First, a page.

Marshall Allen, born in 1924, has been playing professionally since the 1940s and, during that tenure, has developed quite a distinctive sound and attack. Today he stands as one of the most dynamic players on the scene. Outside of his work with Sun Ra, Marshall has been almost undocumented by recording, notable exceptions being a 1964 recording on ESP with the Paul Bley Quintet, a 1997 quartet recording with trombonist Tyrone Hill (CIMP 154), and a pair of 1998 recordings under his own name which featured Mark Whitecage (CIMP #s 171, 180).
This is the third recording to document the Po Band. Organized in 1994, the first recording (Cadence Jazz Records 1062) had pianist Burton Greene as its guest artist. The second recording (CIMP 156) was just of the core group. This recording is the first to include Paul Smoker (1941, Muncie, IN), who joined the group in 1998, replacing Herb Robertson who had settled in Germany. To date that remains the only personnel change over the years. This is one of the few working free – for lack of a better definition – bands around. It is also one of the best.
The genre of Free Jazz has, at the end of the century and after a 40-plus year run, suffered from a general lack of attention in these current neo-conservative, politically correct times. And like any genre, after almost 5 decades it has suffered from its own abuses and often falls into boring formula. However, while some music may be out of fashion, it exists and ultimately should be judged (albeit subjectively) as simply music, good or bad.
The purpose here was to bring together 2 very strong musical forces, see how they dealt with each other, stimulate their artistic curiosity and response, and produce some good music.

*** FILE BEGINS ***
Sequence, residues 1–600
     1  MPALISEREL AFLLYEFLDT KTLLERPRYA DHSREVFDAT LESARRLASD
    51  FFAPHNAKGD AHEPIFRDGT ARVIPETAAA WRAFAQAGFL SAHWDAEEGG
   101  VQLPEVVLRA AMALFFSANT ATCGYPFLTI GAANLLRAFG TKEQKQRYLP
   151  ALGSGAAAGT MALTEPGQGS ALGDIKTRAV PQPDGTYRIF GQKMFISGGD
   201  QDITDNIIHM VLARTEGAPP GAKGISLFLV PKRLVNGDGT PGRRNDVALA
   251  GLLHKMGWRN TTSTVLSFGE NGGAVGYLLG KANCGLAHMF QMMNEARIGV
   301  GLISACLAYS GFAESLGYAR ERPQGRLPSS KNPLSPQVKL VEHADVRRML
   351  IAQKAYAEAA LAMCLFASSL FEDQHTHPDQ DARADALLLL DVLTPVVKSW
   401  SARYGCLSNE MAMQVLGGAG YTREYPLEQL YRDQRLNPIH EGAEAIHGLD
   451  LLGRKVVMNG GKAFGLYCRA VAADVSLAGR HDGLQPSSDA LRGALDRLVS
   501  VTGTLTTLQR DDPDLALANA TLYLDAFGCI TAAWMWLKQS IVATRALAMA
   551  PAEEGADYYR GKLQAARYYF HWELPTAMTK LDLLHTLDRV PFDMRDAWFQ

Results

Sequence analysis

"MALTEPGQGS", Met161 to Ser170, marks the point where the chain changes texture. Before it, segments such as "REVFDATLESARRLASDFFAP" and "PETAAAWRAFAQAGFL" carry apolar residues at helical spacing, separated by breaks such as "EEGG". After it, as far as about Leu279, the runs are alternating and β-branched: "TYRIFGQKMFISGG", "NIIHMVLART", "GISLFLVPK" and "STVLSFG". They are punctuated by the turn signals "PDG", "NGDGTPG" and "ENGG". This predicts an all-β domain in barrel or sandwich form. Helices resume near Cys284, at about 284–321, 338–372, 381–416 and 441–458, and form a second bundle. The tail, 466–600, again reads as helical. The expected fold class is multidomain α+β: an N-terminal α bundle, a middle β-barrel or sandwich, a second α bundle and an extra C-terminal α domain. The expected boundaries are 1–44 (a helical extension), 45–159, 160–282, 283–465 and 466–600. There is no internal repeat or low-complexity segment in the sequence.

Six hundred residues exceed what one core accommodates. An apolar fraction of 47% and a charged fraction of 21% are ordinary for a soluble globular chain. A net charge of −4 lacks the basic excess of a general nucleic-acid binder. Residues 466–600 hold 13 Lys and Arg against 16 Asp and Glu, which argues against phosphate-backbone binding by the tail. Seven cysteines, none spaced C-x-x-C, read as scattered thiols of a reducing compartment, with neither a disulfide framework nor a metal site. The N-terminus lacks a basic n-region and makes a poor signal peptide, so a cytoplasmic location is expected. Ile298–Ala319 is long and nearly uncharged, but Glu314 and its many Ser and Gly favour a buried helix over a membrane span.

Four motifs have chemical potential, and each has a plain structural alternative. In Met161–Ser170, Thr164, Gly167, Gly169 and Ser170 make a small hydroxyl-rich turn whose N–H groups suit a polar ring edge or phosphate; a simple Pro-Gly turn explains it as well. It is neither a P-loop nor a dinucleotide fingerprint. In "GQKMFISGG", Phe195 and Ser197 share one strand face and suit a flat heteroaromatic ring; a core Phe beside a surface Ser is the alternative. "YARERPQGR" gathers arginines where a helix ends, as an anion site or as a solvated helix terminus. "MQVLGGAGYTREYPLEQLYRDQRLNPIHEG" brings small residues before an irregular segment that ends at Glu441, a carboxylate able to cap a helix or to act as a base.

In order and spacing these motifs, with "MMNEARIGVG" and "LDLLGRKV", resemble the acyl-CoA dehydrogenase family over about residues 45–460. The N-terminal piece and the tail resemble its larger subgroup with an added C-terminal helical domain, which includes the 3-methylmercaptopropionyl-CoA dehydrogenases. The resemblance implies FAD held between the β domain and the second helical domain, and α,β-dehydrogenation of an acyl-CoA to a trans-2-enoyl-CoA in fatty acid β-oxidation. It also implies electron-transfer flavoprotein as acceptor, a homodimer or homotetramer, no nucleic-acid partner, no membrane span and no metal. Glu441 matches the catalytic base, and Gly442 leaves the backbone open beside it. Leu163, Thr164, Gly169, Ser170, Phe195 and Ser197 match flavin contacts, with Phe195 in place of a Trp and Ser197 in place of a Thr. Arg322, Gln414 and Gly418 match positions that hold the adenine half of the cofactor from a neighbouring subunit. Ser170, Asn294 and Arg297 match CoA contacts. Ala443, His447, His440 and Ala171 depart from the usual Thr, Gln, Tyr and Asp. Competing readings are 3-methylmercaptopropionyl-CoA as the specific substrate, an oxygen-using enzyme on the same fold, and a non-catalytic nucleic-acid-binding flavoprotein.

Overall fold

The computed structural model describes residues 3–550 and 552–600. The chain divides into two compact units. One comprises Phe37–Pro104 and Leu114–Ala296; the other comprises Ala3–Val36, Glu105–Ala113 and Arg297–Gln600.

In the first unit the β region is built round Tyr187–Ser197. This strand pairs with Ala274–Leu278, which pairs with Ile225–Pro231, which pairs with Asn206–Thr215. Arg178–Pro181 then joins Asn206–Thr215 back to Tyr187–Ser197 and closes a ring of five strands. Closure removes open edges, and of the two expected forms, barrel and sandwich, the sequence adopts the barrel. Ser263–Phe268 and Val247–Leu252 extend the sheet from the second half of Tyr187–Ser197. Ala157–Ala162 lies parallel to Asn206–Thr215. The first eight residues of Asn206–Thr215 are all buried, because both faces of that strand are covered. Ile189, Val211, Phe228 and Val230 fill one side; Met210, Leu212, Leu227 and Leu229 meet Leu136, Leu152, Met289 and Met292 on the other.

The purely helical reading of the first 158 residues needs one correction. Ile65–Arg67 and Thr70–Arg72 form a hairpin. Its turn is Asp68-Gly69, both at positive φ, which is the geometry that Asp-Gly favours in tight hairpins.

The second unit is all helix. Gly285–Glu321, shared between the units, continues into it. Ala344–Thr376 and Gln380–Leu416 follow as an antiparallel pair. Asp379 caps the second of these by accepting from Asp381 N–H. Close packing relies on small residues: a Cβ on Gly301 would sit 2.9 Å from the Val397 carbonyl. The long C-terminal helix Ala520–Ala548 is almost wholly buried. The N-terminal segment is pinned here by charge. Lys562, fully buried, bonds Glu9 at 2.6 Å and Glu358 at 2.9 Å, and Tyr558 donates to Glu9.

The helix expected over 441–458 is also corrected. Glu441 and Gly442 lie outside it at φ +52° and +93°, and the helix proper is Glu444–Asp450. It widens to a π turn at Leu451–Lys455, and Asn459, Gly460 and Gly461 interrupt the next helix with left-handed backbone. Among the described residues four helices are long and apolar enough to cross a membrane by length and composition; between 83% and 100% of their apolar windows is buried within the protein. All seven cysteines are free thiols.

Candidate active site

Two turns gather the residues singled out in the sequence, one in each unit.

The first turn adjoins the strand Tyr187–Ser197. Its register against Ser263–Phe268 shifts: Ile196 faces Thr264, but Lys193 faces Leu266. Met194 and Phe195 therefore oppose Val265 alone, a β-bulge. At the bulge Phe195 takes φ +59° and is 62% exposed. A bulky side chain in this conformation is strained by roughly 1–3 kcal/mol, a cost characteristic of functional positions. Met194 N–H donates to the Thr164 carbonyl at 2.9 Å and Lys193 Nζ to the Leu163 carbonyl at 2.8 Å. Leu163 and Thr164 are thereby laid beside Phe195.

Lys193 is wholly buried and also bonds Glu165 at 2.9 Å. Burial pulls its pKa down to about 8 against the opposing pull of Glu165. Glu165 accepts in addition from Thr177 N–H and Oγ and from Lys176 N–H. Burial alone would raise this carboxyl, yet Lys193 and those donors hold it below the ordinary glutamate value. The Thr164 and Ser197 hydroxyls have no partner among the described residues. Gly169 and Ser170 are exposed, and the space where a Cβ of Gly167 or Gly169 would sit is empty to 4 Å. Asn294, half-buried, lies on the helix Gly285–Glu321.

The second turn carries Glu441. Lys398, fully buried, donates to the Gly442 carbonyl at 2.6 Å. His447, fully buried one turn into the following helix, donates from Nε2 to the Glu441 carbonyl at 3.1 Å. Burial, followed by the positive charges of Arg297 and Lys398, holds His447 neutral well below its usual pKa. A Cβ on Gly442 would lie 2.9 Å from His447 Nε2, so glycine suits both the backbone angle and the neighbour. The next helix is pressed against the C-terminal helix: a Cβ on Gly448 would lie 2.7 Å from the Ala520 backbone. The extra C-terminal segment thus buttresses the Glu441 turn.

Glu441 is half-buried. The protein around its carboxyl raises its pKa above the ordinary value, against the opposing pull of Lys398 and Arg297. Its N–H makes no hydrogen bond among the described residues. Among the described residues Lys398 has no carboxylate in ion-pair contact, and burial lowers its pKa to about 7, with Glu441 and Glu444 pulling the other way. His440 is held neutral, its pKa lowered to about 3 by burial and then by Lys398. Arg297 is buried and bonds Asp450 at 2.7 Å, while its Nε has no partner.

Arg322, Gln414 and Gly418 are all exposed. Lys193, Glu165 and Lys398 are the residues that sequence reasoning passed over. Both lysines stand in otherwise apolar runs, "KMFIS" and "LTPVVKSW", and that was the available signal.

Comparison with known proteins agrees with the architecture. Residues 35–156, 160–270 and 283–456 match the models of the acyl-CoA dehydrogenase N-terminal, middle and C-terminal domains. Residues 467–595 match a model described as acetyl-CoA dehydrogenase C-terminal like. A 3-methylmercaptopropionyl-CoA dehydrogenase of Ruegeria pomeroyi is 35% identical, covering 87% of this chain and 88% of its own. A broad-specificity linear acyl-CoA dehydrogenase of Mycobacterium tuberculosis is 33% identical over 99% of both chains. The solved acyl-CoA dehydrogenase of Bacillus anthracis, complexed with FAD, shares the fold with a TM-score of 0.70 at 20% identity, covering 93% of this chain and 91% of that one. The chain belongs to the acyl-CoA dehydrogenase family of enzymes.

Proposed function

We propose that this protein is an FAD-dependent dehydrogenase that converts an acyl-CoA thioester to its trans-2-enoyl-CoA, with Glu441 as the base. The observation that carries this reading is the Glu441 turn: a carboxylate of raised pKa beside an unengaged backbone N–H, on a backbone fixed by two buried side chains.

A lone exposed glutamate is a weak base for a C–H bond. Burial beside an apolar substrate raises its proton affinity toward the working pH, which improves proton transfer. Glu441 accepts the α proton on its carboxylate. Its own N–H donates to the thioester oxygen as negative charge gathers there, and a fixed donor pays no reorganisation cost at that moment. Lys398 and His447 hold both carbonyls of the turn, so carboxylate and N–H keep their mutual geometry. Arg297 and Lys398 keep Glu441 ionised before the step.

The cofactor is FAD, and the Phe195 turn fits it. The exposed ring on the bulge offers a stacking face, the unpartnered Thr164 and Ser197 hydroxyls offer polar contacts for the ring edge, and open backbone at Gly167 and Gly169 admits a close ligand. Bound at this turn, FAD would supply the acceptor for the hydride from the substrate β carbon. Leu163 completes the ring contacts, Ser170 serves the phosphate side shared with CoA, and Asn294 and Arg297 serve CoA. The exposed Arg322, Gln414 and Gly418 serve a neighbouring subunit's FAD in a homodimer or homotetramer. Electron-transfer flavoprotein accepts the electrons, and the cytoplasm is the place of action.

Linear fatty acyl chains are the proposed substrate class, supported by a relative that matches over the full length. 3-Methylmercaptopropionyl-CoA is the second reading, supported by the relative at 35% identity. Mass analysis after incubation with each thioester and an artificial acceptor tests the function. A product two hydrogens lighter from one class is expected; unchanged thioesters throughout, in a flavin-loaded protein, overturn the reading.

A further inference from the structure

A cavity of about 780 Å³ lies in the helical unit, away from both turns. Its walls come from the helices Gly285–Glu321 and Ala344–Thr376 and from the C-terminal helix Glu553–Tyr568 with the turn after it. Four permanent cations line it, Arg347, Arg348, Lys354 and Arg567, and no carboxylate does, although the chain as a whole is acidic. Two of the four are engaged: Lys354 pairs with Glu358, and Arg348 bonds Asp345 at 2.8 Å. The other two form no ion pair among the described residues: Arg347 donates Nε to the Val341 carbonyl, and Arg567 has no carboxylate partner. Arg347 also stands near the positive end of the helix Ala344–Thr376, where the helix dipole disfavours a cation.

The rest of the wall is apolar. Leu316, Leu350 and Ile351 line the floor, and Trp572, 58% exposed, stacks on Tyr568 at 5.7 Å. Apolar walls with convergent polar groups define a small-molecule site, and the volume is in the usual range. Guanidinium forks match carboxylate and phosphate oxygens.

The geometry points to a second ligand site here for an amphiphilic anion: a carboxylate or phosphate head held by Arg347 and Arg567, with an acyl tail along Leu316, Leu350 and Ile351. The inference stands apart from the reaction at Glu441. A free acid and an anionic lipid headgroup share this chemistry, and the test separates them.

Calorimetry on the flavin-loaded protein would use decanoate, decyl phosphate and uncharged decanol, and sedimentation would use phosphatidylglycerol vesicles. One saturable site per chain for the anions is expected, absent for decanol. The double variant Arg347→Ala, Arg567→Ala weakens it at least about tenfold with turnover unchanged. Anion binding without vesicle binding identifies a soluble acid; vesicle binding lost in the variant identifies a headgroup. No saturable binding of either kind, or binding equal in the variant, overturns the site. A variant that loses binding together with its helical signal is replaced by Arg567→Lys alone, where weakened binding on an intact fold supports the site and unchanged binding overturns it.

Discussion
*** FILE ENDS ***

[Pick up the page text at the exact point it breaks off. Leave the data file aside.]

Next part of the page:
On the first day, the group, after about 90 minutes of sound checks and audio placement, opened with Bird Song One, a sectional improv which lasted over 31 minutes. At the end, Wilber (1937, L.A., CA) asked if he could hear some of it. Marc played it back and everyone sat transfixed. We listened to the entire piece freshly unfold. Even though we had just experienced it played in real time, we were now hearing it for the first time, an inspired excursion. At some point Paul Smoker said, “This should be called Bird Symphony,” and so it is.
After a break, the ball was thrown to Marshall, who developed a fox-trotty (Midnight) Blues, almost locking horns with Perry (1938, NY), another interesting excursion into good music. It’s no great stretch of the imagination to see the parallels with this take and a 1940’s/50’s midnight jam at Condon’s or Monroe’s Uptown House. Here the group avoids playing coyly or cutely, follows the muse, and respects the music. Following that, and in absolute contrast, was Soft Winds.
The next day brought forth lots more good music and with it a dilemma. After a number of strong takes we had reached our objective but, knowing that Paul had brought along some music for this occasion, I suggested we take a look at his material. I made copies of Paul’s music, knowing, from past experience, that Paul’s deceptively innocent compositions/arrangements could be catalysts for stunning results (witness CIMPhonia 1998 Pt. 2 – CIMP 178). I kept quiet and let the group work out the music. The result was LouRa, the joy of which was only tempered by the fact that, to be included meant I had to drop other material which I also felt passionate about. It is atypical for the Po Band to work with written music and its inclusion here is both very satisfying and different from past documents.
The session ended, Lou told me that choosing which material to eliminate was my problem and indeed I wrestled with it throughout the afternoon and into the night.
Here is Marshall’s and Lou’s and Wilber’s and Steve’s (1954, Newark, NJ) and Perry’s and Paul’s music and my choices. Wonderful stuff.
Robert D. Rusch – 5/11/99